8. I respect your concerns about others safety. And your work in helping people. But I also respectfully disagree. It is in my DNA that people should have the right to decide what is safe or not for themselves. Even if their judgement is way off. As far as the life jacket rule. You mention that you were upset because the boats were under 21 ft that you saw. Falling off a 22 ft boat is no more safe then falling off a 20 foot boat. I fish Seneca all winter from a small boat. I know for me personally that having a life jacket on is MORE dangerous. With the possible exception of actually sitting in the drivers seat steering. It restricts my movements (especially with a lot of clothing on) and makes me more prone to accidentally slipping and not being able to grab something to catch myself. Not to mention making it harder to pull myself back into the boat if I did fall out. If the boat started leaking I would have plenty of time to grab a life jacket. If it is was rough enough to capsize the boat then I would put a life jacket on. Or better yet not be out in that situation to begin with. I know there are new inflatable life jackets out there that would be less restrictive but I don't need to spend hundreds of dollars (especially if I am taking other people out) just because someone wants to tell me what is safe for me. The incident last week is certainly tragic. Trying to canoe across Seneca Lake this time of year with or without a life jacket on is quite foolish. And it seems they were planning on doing it partially in the dark. I recently helped rescue two guys who tipped a canoe on Seneca. 49 degree water. Was calm when they went out and the wind waves picked quick like they often do on Seneca. They were renters from out of state who didn't realize how the lake can be. They were wearing life jackets which certainly helped in this situation. So I am certainly not anti life jacket. I would wear one too if I were to try canoeing in cold water conditions. I just don't need to be told when I need to wear one.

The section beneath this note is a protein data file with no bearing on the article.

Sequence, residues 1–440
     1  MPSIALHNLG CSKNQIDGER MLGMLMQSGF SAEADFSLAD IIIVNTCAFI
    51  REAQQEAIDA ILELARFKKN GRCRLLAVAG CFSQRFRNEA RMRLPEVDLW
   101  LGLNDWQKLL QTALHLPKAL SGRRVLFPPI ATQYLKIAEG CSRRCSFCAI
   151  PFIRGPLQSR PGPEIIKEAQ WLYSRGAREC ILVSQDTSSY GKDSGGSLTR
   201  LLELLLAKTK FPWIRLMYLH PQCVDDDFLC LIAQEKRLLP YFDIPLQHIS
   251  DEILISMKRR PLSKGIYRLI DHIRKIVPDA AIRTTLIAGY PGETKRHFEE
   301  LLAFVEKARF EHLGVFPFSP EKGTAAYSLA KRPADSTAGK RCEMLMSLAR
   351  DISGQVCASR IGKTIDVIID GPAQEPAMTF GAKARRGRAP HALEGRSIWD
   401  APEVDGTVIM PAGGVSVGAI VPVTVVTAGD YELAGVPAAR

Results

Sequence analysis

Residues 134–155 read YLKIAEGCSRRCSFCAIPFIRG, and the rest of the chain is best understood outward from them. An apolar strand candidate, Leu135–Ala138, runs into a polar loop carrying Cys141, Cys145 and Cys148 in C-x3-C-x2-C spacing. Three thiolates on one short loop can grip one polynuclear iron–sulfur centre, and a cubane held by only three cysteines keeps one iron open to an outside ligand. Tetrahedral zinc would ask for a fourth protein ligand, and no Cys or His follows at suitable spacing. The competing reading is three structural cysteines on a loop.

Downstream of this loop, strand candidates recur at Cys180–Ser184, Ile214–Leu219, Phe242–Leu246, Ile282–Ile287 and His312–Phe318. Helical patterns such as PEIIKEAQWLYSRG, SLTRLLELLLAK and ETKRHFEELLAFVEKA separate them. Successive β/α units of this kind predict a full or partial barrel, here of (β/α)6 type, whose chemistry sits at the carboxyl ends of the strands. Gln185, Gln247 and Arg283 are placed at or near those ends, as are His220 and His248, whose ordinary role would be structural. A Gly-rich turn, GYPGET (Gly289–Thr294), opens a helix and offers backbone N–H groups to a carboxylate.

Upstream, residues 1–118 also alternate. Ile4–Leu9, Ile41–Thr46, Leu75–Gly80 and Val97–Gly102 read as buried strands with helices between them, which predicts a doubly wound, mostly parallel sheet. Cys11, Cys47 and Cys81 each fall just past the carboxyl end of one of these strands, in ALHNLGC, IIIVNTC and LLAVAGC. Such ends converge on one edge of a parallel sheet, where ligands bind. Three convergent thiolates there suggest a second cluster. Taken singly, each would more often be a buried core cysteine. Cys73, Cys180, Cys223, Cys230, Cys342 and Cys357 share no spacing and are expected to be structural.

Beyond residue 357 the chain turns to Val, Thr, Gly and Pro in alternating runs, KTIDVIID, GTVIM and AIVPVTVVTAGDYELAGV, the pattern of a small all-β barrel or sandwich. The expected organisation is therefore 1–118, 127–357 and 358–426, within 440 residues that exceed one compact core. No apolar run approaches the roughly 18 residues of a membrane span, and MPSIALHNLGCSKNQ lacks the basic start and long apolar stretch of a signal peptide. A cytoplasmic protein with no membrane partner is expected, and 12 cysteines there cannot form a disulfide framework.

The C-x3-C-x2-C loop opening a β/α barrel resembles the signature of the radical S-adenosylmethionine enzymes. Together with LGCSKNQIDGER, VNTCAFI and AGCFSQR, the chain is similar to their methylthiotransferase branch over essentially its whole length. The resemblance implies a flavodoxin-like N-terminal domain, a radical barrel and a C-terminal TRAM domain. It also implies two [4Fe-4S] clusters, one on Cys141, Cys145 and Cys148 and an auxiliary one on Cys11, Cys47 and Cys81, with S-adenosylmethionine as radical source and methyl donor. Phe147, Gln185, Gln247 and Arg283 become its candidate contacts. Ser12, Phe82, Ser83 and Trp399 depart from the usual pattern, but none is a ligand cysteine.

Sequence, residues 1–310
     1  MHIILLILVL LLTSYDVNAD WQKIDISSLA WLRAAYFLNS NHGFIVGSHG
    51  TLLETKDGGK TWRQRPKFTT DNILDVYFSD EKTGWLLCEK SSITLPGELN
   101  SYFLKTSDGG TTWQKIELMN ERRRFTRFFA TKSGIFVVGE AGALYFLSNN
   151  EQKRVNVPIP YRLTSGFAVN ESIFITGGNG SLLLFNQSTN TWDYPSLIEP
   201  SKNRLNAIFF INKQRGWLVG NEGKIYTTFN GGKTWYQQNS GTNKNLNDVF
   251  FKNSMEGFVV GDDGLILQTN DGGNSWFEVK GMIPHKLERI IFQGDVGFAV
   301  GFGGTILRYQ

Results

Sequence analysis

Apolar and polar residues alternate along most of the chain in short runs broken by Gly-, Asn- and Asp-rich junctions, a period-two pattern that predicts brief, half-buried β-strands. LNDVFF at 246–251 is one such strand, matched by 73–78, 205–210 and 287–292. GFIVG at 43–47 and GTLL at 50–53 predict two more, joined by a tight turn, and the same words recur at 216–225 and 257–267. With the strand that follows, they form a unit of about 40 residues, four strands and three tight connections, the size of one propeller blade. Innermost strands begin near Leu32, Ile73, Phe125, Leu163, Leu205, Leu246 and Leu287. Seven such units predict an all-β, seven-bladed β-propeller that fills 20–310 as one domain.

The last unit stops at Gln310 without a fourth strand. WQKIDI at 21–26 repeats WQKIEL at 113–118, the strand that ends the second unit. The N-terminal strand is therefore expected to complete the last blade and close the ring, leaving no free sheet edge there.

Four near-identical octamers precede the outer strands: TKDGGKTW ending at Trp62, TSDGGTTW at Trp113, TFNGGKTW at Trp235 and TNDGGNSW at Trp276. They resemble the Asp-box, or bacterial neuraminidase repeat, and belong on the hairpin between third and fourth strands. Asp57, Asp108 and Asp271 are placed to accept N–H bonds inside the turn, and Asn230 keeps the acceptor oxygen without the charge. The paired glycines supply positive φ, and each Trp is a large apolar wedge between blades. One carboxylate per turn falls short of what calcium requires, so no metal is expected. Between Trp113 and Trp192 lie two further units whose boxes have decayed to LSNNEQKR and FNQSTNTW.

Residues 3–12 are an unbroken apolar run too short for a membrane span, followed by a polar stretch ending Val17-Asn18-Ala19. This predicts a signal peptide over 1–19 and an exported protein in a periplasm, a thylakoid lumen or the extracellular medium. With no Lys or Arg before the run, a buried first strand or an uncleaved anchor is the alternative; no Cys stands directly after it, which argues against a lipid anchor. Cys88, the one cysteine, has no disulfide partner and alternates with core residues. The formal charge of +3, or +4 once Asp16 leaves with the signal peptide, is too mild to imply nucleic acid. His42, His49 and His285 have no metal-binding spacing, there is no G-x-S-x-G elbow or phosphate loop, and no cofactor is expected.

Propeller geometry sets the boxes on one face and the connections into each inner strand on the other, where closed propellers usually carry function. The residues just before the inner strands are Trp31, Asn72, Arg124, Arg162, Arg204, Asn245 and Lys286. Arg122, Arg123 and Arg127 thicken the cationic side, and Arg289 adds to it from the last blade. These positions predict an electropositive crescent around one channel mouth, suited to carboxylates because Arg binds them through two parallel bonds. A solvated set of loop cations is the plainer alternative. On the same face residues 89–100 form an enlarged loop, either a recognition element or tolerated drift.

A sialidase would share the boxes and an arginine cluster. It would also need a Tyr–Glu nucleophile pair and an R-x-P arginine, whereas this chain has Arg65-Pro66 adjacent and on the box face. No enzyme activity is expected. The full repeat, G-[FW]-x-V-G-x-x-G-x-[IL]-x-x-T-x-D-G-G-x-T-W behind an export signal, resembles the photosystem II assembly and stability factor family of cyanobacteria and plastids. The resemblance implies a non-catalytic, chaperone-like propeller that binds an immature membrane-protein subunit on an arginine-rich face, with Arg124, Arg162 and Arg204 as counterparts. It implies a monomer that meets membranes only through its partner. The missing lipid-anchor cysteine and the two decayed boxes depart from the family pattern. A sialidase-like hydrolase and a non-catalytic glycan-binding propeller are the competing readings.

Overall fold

9. The wind/waves do like to have a north south flow to them. Not always but more often then you would think. Could be because they are carved out which funnels the wind.